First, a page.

Meeting Individual Needs: November 2020


I am writing to share an update on our most recent work at Federation, which I preface with deep gratitude to you for making possible. And, this Veterans Day, I extend my thanks on behalf of our organization and our community to all who have served our country. I look forward to bringing you regular updates like the one below as we close out 2020 and welcome 2021.

If you have questions at any time, you can reach me at [email protected].


P.S.: While the update below focuses on our efforts over the past several weeks, I also encourage you to learn more about our shared accomplishments over the course of the year in our new Community Report, published exclusively online for the first time and featuring a special section on Our Response to COVID-19.

Meeting Individual Needs
In late October, nearly 300 Federation donors gathered to learn more about food insecurity in Greater Washington. If you joined us for the third webinar in our A Deeper Dive series, I hope you found the conversation between community leaders Sarah Hurwitz and Sara Polon as thought-provoking as I did. If you missed it, I highly recommend watching the recording.

As the pandemic exacerbates needs like food insecurity across our region, your support has made it possible for Federation to help those most in need. To date:

  • Federation has distributed more than $2.7 million to help those impacted by the pandemic
  • More than $440,000 in direct grants has been distributed to individuals and families in 68 zip codes for financial distress, food insecurity, and/or health challenges
  • More than 1/3 of all grant recipients have requested funds for food assistance

You can learn more about how Federation is addressing food insecurity in this Washington Jewish Week article.

Our work in the human service arena remains a priority for Federation. As the needs continue to grow, we must ensure we have the resources in place to strategically address them over the coming years. We continue to fundraise for the one million dollars for human services that will unlock a $500,000 national match by seven Jewish foundations and facilitated through The Jewish Federations of North America. This money will help ensure our ongoing capacity to care for those in need, and to create longer-term stability for all of Jewish Greater Washington.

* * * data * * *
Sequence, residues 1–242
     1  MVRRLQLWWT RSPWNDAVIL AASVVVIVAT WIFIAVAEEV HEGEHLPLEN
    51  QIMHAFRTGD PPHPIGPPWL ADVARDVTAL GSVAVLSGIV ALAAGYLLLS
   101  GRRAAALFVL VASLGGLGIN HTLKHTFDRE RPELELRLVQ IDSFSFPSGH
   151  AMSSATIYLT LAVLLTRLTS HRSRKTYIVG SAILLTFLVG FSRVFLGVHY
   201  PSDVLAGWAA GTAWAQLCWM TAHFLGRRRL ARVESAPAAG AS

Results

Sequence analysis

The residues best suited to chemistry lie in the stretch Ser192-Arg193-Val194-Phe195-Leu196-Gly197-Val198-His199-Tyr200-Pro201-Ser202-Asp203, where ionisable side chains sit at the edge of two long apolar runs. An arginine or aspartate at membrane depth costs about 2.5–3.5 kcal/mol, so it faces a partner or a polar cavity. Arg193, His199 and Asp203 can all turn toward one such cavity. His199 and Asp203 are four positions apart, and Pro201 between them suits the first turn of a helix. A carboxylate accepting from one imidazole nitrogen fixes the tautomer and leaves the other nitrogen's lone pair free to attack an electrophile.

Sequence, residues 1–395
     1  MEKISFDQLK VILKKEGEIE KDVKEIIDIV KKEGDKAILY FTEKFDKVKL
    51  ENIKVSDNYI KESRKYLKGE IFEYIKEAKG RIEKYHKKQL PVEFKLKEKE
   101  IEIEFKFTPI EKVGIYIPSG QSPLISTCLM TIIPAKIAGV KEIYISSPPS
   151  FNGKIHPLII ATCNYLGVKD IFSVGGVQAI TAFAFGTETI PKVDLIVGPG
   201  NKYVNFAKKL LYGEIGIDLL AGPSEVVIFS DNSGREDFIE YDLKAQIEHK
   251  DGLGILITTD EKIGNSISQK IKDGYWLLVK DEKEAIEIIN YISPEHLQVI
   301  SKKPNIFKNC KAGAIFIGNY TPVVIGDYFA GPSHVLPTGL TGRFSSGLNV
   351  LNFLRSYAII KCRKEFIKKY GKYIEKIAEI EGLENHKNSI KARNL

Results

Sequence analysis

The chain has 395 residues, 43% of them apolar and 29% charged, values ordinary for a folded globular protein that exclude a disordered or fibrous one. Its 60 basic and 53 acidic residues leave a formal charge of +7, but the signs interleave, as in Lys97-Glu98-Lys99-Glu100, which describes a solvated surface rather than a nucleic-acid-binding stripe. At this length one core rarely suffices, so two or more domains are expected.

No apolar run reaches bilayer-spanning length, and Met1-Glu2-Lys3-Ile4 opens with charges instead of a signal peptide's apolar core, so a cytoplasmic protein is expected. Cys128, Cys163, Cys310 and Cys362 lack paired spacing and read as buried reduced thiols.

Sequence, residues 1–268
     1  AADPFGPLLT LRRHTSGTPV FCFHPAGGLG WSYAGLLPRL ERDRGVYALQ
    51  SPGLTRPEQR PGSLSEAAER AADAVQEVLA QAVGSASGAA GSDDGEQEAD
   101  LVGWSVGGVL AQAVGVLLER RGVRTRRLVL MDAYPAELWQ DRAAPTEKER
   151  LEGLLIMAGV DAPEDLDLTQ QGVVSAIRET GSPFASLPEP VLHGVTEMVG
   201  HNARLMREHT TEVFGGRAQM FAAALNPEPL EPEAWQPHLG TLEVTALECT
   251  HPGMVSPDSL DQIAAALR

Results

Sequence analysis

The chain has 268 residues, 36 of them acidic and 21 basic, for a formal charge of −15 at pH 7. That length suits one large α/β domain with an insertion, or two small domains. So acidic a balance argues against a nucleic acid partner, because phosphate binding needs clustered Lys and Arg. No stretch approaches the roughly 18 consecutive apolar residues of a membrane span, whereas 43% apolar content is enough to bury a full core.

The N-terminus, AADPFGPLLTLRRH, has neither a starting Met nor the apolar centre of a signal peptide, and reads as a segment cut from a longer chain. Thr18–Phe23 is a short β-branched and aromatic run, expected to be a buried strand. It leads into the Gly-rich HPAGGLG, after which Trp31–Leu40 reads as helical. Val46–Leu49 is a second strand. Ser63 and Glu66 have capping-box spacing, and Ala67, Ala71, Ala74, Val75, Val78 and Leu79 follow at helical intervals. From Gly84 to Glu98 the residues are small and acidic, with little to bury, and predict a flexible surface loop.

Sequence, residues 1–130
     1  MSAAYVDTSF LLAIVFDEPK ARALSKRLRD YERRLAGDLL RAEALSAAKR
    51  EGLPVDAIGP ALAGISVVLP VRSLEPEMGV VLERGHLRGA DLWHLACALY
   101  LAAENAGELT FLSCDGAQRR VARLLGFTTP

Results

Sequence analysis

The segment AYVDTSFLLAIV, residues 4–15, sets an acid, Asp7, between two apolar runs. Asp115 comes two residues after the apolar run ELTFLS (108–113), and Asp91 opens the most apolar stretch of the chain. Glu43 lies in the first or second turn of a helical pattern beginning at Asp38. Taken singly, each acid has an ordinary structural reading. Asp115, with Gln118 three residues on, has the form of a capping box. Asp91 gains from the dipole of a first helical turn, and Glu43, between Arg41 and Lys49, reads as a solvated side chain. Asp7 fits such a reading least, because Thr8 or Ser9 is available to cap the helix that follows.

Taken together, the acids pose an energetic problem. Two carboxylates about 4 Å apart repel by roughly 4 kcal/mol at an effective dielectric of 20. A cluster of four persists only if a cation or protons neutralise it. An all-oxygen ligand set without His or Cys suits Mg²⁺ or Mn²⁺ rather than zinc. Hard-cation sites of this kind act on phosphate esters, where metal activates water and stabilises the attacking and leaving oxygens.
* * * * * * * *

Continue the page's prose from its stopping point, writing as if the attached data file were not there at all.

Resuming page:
Looking Forward
As we continue to care for the vulnerable, we are also applying our learnings about evolving communal needs to refine our focus for the coming 2-4 years. We are building our capacity to address a broad set of issues that may arise, including individual and communal needs as well as shifts in Jewish life, through a dedicated $20 million fund for communal vibrancy and by making strategic allocations decisions.

With an emphasis on collaboration and innovation, we are identifying and addressing how COVID-19 has made it harder for individuals and families to access Jewish life. Though we cannot know what 2021 will bring, we are planning for what we hope to see: a return to identity-building opportunities and lay the foundation for the future of Jewish community and leadership.

We have begun with one of the most formative elements of Jewish life: summer camp. Studies show that camp attendance increases the likelihood of adult participation in Jewish life, including synagogue membership, holiday observance, Jewish philanthropy, and connection to Israel.

In collaboration with our partners in the camping field, Federation has surveyed and closely analyzed the impact of the pandemic and projections for the coming year on enrollment numbers and scholarship needs for Jewish summer camp.

  • 1,879 campers attended our community’s day camps last summer. For summer 2021, day camps expect increased need for financial aid due to additional demand, financial insecurity, and costs associated with busing, COVID-19 protocols, and more.
  • Overnight camps expect to retain most of the 3,410 campers who signed up for summer 2020, and despite limited capacity to do so, anticipate adding new campers for 2021. However, the costs are intensive. In 2020, nearly 12% (almost 400 campers) of Greater Washington overnight campers received financial aid. And while 237 campers received Federation’s One Happy Camper incentive grants, nearly 120 eligible campers did not, due to a lack of resources. Each year, One Happy Camper funds are depleted within 7-10 days due to high demand.

The pandemic and resulting economic crisis have left more families than ever before facing the potential inability to afford sending their children to Jewish camp unless they receive financial support. And so, heading into 2021, we are developing an allocations structure to provide incremental financial support/aid to local families across Greater Washington. Over the coming weeks, our Strategic Planning & Allocations Committee will put forward a recommendation for the best model for this aid and map the criteria for Federation summer camp scholarships.

In the coming months, the committee will also focus their attention on Jewish Day School and Early Childhood Education scholarships/aid. The research on those fronts is already underway.

Safeguarding these experiences for our community is crucial to Federation’s mission: to inspire, build, and sustain vibrant Jewish life in a changing world. In no other year have we seen as much change—nor as much unparalleled generosity from leaders like you. I thank you again for your support, leadership, and dedication to our Jewish community. By continuing to invest our time, energy, and resources in this vital work, we are collectively laying the foundation for a truly vibrant Jewish future.